Guests entered an Egyptian-themed hallway with a pair of enormous, second-century marble statues of Isis and Antinous excavated from Hadrian’s Villa; waiters offered drinks on silver trays. Off the drawing room, guests on the slender terrace admired the views of the reservoir and the Temple of Dendur. The most spectacular sight of the evening, however, was the dining room: a sylvan paradise conjured up by the designer John Christensen, who had laid a green English raffia carpet, to simulate grass, over the polished wooden floors; swathed the entire room in a whimsical tent of yellow and white organza; and hung hand-painted lime-green and yellow silk butterflies from branches of wildly out-of-season apple blossoms suspended from the ceiling.

On the 16th floor, the actress Candice Bergen and her husband, Marshall Rose, a real estate developer, were poised in that tense moment just before the first of their 16 guests (including Bette Midler and Tom Brokaw) were to arrive. Ms. Bergen had a moment of panic at 7 p.m., when the doorman announced that Liz Smith, the syndicated columnist, was downstairs.

“Oh, dear,” Ms. Bergen said, excusing herself for a minute. “I haven’t put my shoes on.”

On Friday afternoon, Norma Dana, one of the two chairwomen of the event, was asked what the weather was going to be like on Monday. “Perfect,” Mrs. Dana said, in a tone that brooked no dissent.

Mother Nature was not so obliging. At the InterContinental Central Park South, Mrs. Dana’s party was swarming with baronesses from the Garden Club of Bavaria when, at 7:45 p.m., the skies opened for a torrential downpour.

“Great! I love it!” said Dr. Maria Theresia von Wietersheim, visiting from Munich, as she stood in the pouring rain watching the fireworks. Noelle Nikpour, a member of the Central Park Conservancy from Arkansas who was watching safely from behind glass, said that she had flown from Little Rock on her Gulfstream IV to attend the party.

Wasn’t that a long way to come to watch 4 minutes and 30 seconds of fireworks?

“Once my pilots are fired up, we go 500 miles an hour,” she explained, cheerfully, “so I’m here in an hour and 45 minutes.”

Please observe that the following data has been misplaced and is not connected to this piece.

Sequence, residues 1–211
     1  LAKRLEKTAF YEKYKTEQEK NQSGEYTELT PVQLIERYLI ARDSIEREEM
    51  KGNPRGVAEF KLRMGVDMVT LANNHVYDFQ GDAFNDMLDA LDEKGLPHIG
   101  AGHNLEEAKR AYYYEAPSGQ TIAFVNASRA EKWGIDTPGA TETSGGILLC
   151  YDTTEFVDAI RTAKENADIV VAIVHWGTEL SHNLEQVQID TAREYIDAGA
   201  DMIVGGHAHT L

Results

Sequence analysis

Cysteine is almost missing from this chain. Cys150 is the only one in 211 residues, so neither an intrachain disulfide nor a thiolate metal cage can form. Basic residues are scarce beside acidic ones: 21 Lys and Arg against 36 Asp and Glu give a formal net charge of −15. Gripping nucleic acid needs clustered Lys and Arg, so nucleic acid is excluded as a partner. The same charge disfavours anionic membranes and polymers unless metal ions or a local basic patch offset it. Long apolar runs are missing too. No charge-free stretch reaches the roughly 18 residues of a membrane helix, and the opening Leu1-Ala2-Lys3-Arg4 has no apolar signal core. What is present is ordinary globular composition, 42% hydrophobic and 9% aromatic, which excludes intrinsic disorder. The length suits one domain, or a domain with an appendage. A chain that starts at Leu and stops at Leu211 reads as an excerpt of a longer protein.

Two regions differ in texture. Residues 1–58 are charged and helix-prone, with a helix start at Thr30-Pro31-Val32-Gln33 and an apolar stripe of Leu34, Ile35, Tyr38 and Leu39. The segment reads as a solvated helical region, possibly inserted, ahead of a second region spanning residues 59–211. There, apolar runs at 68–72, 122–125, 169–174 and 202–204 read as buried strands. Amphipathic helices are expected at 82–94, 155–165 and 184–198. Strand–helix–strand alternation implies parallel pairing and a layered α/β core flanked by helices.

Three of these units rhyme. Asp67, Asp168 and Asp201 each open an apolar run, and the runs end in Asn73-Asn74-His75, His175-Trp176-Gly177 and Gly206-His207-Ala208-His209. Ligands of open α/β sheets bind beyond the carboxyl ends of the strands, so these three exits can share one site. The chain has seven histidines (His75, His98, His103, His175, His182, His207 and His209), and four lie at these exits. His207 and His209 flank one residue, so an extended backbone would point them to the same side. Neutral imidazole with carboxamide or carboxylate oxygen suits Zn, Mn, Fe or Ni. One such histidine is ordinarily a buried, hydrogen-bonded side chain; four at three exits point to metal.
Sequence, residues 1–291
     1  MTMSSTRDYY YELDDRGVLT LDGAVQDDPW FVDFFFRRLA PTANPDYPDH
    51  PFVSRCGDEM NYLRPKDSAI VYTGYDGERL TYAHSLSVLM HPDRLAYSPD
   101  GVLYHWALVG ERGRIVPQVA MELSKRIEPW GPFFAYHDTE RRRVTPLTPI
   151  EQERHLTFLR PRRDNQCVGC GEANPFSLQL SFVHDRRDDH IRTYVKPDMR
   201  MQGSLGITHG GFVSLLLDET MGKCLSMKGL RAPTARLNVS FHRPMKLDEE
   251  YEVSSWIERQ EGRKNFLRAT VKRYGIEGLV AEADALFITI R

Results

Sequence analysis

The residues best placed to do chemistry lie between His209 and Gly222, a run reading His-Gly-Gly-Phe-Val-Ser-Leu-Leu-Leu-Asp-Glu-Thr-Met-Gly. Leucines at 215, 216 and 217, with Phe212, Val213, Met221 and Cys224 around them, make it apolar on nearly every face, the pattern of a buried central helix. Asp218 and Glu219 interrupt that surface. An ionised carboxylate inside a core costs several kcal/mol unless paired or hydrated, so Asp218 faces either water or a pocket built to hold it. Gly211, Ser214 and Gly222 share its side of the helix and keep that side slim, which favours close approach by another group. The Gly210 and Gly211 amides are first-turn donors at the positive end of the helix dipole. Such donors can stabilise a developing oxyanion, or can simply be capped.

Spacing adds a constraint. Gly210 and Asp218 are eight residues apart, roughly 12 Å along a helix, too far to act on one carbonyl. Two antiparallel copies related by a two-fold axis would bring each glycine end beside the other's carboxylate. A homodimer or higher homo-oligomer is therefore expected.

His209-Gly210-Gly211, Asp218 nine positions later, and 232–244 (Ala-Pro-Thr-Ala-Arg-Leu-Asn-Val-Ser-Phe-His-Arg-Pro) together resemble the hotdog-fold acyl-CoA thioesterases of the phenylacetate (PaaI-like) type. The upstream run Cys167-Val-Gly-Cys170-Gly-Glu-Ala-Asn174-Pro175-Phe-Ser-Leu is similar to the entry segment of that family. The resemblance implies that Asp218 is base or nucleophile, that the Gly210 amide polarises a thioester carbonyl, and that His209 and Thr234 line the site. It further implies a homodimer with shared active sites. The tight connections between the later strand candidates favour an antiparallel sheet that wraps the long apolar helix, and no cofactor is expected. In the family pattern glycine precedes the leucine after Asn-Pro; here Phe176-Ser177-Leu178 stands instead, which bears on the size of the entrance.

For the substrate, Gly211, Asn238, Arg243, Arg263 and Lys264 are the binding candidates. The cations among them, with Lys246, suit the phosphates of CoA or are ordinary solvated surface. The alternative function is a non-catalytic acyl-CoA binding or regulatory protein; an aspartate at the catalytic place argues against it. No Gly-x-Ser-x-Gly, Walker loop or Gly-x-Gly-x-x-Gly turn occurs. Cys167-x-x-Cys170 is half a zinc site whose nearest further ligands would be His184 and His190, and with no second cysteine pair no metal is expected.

Was that faster than flying commercial?

“I don’t really know,” Ms. Nikpour replied, sweetly.

By 8:30 p.m., celebrities were sitting down to eat at the Mandarin Oriental Hotel, still under construction in the AOL Time Warner Center on Columbus Circle. The dinner was being underwritten by Steve Ross, the chairman of Related Companies, the developer of the building. Lorraine Bracco and Stanley Tucci — so memorably naked on a Broadway stage together last year — sat fully clothed, and surrounded by Robert Duvall, Michael Caine and Will Farrell of “Saturday Night Live.”

The guests in Harlem were honoring the 9 p.m. curfew imposed by Mr. Clinton’s staff — despite much good-natured pleading from Sherry Bronfman, who gave the dinner with Robin Bell-Stevens, the new executive director of Jazzmobile. Nevertheless, Ms. Bronfman declared the evening a success. “It was beautiful, and very romantic,” she said the next day, “with lots of flowers and votive candles, white wine and green-apple martinis. “We were not pushed out,” she insisted, diplomatically. “The evening petered out and it was graceful.”

It was 10:30 on a school night, but at Hampshire House the party at Eleanore and Michael Kennedy’s apartment was still in full swing, with Sigourney Weaver and Bianca Jagger sitting side by side. Julian H. Robertson Jr., the philanthropist, who lives in the former Alice Tully apartment on the 27th floor, had already bid his 30 guests adieu.

“Wasn’t that the worst thing you ever saw?” Mr. Robertson asked departing dinner guests, firmly clutching his dog’s leash. Like many people, he was dismayed that the much-touted halo of fire that was to linger a thousand feet above the reservoir had fizzled into a haze of black smoke.

Was Mr. Robertson, who with his wife, Josie, had contributed at least $4 million to redo the pond at the southern end of Central Park, planning to walk his dog there now?

“No,” Mr. Robertson said, a bit petulantly. “I’m so disappointed in the park this evening, we’re avoiding it.”